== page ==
If people don’t see that the treatment of the Welsh language is an historic injustice then I think they need to redefine their concept of injustice. Putting an end to the historically colonial cultural relationship between Wales and England would be liberating for both sides. We need to become good neighbours.
How can the decline of the language be reversed?
I think it’s quite clear that the only way to do that is to move towards turning every primary school, initially, into a Welsh medium school and then building upon that.
Primary school children will acquire Welsh easily whereas if you teach Welsh as a subject for a few hours a week at most, especially to teenagers, you’re setting children up to fail. Once children become adults very few of them will have the opportunity or the time and energy to devote themselves to learning Welsh.
We either pick up that gauntlet or we allow ourselves to become an increasingly marginalised peopleAs things currently stand, if children leave school not fluent in Welsh then 99.5% of them will not become fluent as adults. For the vast majority an English medium education is a life sentence.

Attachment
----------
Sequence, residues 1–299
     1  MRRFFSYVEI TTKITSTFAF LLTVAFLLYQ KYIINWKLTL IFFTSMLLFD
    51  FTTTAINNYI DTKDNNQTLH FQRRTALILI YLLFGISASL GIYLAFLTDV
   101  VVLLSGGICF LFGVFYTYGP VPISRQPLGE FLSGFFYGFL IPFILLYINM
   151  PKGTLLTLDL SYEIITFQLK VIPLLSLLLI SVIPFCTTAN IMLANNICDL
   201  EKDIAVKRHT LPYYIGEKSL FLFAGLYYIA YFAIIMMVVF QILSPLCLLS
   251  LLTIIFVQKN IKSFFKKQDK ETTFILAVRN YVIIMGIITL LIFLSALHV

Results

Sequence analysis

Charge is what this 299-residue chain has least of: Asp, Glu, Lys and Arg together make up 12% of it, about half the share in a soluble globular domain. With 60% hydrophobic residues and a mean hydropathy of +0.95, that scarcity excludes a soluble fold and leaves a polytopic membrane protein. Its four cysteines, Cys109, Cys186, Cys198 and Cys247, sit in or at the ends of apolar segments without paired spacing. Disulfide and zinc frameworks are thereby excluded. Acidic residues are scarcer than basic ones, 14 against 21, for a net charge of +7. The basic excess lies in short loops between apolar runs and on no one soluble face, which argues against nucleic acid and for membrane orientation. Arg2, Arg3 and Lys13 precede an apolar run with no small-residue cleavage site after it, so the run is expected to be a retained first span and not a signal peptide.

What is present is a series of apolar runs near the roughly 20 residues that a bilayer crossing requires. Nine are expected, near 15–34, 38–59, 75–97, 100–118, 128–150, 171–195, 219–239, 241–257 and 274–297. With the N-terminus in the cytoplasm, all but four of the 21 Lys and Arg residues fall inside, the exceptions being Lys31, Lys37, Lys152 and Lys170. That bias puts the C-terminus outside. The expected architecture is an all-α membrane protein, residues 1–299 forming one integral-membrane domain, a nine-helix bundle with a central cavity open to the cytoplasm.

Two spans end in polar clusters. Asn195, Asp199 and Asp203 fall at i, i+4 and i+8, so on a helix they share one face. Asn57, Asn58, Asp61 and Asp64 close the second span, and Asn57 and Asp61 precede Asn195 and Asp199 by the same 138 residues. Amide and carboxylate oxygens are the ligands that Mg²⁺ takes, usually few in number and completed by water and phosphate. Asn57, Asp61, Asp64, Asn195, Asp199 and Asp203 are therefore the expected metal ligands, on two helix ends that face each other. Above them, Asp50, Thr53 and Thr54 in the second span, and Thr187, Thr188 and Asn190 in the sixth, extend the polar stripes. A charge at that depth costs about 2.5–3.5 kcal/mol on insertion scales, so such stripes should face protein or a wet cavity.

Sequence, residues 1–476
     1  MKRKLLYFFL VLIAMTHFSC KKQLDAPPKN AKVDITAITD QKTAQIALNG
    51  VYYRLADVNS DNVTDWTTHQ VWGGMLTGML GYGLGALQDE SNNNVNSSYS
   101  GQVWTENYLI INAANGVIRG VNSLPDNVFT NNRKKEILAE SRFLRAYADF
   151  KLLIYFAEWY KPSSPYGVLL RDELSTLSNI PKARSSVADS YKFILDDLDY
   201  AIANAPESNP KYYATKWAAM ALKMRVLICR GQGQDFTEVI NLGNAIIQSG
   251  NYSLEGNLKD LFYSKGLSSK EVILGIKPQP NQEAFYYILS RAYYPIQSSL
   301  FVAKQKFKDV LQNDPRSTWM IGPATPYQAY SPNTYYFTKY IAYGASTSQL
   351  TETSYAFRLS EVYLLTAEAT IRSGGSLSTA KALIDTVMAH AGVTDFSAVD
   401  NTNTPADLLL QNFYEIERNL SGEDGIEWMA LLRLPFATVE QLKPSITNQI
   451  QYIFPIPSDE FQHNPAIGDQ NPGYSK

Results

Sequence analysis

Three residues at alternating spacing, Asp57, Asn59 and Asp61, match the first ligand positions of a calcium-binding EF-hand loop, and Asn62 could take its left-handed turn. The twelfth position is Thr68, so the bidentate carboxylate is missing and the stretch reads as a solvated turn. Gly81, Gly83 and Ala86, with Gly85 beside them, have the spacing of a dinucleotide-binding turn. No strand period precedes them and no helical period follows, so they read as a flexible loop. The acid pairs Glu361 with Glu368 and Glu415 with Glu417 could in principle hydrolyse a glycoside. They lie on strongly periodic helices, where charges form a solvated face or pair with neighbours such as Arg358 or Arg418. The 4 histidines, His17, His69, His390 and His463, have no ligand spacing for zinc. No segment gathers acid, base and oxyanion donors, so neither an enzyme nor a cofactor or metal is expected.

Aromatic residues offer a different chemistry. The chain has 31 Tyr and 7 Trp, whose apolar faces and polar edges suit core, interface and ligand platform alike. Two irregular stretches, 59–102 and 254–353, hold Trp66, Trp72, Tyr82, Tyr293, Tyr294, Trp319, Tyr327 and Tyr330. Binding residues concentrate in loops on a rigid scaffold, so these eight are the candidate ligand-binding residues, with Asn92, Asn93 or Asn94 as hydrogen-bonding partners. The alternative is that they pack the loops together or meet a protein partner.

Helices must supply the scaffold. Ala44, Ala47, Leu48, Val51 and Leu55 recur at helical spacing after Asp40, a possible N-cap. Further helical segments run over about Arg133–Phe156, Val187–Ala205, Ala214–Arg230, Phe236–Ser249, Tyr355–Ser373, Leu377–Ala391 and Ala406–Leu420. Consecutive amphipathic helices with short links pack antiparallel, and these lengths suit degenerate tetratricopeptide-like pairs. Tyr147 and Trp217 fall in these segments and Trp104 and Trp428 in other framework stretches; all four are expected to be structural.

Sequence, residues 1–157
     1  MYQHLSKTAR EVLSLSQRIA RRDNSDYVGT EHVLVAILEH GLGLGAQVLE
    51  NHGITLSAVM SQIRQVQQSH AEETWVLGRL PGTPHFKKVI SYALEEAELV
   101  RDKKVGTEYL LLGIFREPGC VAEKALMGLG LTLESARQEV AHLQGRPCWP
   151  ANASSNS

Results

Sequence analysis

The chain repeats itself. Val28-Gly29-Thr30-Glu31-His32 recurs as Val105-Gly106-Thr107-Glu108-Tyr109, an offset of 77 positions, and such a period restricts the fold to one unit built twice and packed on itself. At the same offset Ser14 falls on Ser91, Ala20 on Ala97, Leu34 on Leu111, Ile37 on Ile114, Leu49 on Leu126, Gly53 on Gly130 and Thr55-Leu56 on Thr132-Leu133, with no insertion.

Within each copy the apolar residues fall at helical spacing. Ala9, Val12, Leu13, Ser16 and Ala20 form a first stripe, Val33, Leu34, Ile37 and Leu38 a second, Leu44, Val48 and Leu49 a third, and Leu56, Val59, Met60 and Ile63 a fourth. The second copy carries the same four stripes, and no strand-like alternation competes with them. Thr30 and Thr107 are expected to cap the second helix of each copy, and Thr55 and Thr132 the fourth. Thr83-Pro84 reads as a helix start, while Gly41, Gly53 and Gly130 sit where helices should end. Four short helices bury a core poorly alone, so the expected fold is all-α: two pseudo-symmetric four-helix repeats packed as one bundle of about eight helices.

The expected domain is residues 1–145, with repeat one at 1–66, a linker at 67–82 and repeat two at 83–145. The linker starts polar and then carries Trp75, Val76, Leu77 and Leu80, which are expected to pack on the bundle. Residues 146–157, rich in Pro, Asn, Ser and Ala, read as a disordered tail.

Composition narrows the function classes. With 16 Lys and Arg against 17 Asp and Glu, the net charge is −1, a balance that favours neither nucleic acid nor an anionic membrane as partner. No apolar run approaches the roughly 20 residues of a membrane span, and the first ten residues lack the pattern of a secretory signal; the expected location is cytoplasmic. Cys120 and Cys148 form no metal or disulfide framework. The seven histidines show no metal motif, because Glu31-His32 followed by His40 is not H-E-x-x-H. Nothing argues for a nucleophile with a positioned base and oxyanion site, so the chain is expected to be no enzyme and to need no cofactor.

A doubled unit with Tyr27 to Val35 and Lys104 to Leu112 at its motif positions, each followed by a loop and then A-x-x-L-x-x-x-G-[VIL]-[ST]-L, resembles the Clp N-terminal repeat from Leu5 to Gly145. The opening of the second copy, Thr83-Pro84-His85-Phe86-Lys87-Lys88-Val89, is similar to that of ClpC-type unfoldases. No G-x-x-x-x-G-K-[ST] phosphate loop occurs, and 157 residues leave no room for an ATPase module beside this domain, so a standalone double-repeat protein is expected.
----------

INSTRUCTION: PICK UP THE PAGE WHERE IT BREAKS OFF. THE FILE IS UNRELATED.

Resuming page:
For me, revamping the education system in Wales is the only way forward and opens the door to all Welsh people and incomers, of all classes and backgrounds.
For me the Welsh language is a treasure but it is a treasure which I want to share with everyone, a treasure which everyone in Wales has the right to a share of.
What lessons can be learnt from other countries?
Looking at models of education and attitudes towards learning languages in other European countries the question arises if places like Holland, Norway, Iceland, Bulgaria etc. (the list is endless) can produce generations of multi lingual individuals why can’t we even ensure that our young people leave school fully fluent in Welsh and English?
It’s because we are still under the shadow of the Blue Books and 19th century attitudes to linguistic abilities i.e. the brain has only so much space – if you fill it up with Welsh there won’t be enough room for English.
Young people in other parts of Europe think nothing of speaking four or five languages fluently. When it comes to attitudes to learning languages the British in general think that somehow or other they have defective language learning genes.